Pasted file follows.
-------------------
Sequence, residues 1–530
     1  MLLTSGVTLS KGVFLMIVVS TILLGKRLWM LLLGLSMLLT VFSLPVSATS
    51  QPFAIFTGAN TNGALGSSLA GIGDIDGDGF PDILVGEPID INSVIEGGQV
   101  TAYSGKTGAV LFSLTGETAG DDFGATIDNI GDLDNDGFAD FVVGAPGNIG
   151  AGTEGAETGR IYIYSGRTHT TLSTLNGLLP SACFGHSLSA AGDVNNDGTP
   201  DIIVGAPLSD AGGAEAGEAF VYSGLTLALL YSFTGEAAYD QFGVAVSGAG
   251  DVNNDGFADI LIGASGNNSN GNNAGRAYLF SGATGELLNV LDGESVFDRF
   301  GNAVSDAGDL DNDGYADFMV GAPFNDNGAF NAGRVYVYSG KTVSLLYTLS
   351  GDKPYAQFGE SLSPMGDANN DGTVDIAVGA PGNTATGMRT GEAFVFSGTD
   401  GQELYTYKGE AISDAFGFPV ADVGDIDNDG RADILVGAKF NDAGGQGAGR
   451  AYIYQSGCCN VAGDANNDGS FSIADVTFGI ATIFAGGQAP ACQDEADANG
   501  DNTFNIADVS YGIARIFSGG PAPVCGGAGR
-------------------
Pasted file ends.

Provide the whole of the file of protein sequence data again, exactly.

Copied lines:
Sequence, residues 1–530
     1  MLLTSGVTLS KGVFLMIVVS TILLGKRLWM LLLGLSMLLT VFSLPVSATS
    51  QPFAIFTGAN TNGALGSSLA GIGDIDGDGF PDILVGEPID INSVIEGGQV
   101  TAYSGKTGAV LFSLTGETAG DDFGATIDNI GDLDNDGFAD FVVGAPGNIG
   151  AGTEGAETGR IYIYSGRTHT TLSTLNGLLP SACFGHSLSA AGDVNNDGTP
   201  DIIVGAPLSD AGGAEAGEAF VYSGLTLALL YSFTGEAAYD QFGVAVSGAG
   251  DVNNDGFADI LIGASGNNSN GNNAGRAYLF SGATGELLNV LDGESVFDRF
   301  GNAVSDAGDL DNDGYADFMV GAPFNDNGAF NAGRVYVYSG KTVSLLYTLS
   351  GDKPYAQFGE SLSPMGDANN DGTVDIAVGA PGNTATGMRT GEAFVFSGTD
   401  GQELYTYKGE AISDAFGFPV ADVGDIDNDG RADILVGAKF NDAGGQGAGR
   451  AYIYQSGCCN VAGDANNDGS FSIADVTFGI ATIFAGGQAP ACQDEADANG
   501  DNTFNIADVS YGIARIFSGG PAPVCGGAGR